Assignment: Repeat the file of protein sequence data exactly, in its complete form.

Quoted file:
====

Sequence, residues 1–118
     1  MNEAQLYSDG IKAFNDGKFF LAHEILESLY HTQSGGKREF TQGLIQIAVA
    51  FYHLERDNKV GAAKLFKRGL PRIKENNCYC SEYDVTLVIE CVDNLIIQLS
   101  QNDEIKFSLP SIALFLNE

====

Sequence, residues 1–118
     1  MNEAQLYSDG IKAFNDGKFF LAHEILESLY HTQSGGKREF TQGLIQIAVA
    51  FYHLERDNKV GAAKLFKRGL PRIKENNCYC SEYDVTLVIE CVDNLIIQLS
   101  QNDEIKFSLP SIALFLNE